More on AC Adapters

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Date: Monday, November 7th, 2005, 22:12
Category: Accessory

madsonline-microadapter.jpgTidbits’ Travis Butler has posted a follow-up to his article Comparing Three AC Adapters:

After last week’s article on PowerBook AC adapters was published (see “Comparing Three AC Adapters” in TidBITS-803), I’ve received several messages from people about the MadsonLine MicroAdapter and the MacAlly adapter – specifically, about the amount of power they provide.
I wrote that the MicroAdapter wasn’t recommended for use with newer PowerBooks (the 1 GHz PowerBook G4 Titanium, and all of the 15-inch and 17-inch PowerBooks) because it provides only 45 watts of power, compared with the 65 watts provided by the adapter Apple ships. Several people wrote in to say they were, in fact, using the MicroAdapter with those machines, and that it appeared to work fine – though some reported the adapter getting “pretty warm.” One person suggested the overheating was the main reason MadsonLine had to disclaim using it; another that the higher wattage requirement on newer PowerBooks was only under peak usage, and that when performing less-intensive tasks a lower-power adapter works fine.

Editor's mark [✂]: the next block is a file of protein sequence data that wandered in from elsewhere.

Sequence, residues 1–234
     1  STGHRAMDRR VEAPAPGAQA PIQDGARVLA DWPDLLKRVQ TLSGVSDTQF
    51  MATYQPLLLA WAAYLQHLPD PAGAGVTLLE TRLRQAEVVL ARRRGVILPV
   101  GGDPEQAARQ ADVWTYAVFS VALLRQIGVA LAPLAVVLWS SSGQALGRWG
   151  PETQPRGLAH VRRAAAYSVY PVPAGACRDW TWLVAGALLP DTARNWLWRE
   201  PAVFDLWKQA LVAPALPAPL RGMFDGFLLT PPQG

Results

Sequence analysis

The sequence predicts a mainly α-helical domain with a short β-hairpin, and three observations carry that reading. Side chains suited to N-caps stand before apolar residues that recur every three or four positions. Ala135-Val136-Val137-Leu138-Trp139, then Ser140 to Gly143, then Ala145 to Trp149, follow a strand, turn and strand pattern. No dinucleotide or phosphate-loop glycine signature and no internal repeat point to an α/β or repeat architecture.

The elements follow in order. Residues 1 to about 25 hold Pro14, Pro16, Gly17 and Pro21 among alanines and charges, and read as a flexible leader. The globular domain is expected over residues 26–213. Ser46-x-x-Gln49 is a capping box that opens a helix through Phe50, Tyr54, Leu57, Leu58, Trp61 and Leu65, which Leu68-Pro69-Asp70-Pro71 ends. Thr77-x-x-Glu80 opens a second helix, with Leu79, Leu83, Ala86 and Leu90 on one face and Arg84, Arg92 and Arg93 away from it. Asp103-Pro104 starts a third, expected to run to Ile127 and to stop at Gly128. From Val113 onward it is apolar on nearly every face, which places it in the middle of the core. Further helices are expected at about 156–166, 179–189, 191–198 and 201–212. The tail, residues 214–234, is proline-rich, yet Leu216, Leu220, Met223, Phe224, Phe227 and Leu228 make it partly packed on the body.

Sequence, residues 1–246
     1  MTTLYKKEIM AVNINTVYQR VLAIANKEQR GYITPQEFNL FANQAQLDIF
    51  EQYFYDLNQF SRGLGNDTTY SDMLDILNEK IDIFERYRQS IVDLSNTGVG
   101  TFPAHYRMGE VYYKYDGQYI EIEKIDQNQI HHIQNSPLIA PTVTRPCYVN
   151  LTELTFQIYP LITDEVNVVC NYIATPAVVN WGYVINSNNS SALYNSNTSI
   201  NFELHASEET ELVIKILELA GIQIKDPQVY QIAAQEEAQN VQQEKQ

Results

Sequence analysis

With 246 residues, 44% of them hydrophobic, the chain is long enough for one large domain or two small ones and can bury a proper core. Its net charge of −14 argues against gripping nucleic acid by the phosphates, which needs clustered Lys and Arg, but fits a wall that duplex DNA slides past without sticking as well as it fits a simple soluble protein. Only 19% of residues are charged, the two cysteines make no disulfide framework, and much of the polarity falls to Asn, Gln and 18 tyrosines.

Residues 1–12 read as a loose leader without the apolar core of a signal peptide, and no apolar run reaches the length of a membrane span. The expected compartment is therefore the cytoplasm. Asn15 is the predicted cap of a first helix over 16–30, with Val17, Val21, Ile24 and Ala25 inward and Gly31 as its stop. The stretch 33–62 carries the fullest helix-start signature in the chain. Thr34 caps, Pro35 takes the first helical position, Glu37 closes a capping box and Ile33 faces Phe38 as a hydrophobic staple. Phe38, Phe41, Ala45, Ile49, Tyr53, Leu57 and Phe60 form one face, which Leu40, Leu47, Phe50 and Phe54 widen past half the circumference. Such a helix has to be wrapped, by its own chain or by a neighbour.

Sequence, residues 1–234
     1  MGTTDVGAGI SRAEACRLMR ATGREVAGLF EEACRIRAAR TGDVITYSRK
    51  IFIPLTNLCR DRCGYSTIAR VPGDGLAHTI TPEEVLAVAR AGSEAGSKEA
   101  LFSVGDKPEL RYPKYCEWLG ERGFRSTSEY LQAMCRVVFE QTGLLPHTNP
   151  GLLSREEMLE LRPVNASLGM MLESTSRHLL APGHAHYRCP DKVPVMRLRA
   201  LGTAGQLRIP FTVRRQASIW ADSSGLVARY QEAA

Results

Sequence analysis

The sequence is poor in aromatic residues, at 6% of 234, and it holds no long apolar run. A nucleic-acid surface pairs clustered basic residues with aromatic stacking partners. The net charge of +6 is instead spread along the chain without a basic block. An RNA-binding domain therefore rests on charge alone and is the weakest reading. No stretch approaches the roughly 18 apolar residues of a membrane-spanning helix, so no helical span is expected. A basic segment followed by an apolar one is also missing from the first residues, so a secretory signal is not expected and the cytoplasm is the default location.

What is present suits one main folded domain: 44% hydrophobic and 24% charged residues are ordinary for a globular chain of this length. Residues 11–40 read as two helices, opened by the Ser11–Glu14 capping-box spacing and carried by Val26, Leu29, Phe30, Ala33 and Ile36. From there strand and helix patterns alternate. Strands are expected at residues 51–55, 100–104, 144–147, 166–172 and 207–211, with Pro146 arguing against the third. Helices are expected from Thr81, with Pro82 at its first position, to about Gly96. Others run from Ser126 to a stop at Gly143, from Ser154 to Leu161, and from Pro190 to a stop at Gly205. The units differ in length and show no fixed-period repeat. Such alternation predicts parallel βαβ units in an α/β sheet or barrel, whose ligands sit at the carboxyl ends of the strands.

Read the rest of the article at Tidbits.


madsonline-microadapter.jpgTidbits’ Travis Butler has posted a follow-up to his article Comparing Three AC Adapters:

After last week’s article on PowerBook AC adapters was published (see “Comparing Three AC Adapters” in TidBITS-803), I’ve received several messages from people about the MadsonLine MicroAdapter and the MacAlly adapter – specifically, about the amount of power they provide.
I wrote that the MicroAdapter wasn’t recommended for use with newer PowerBooks (the 1 GHz PowerBook G4 Titanium, and all of the 15-inch and 17-inch PowerBooks) because it provides only 45 watts of power, compared with the 65 watts provided by the adapter Apple ships. Several people wrote in to say they were, in fact, using the MicroAdapter with those machines, and that it appeared to work fine – though some reported the adapter getting “pretty warm.” One person suggested the overheating was the main reason MadsonLine had to disclaim using it; another that the higher wattage requirement on newer PowerBooks was only under peak usage, and that when performing less-intensive tasks a lower-power adapter works fine.

Read the rest of the article at Tidbits.

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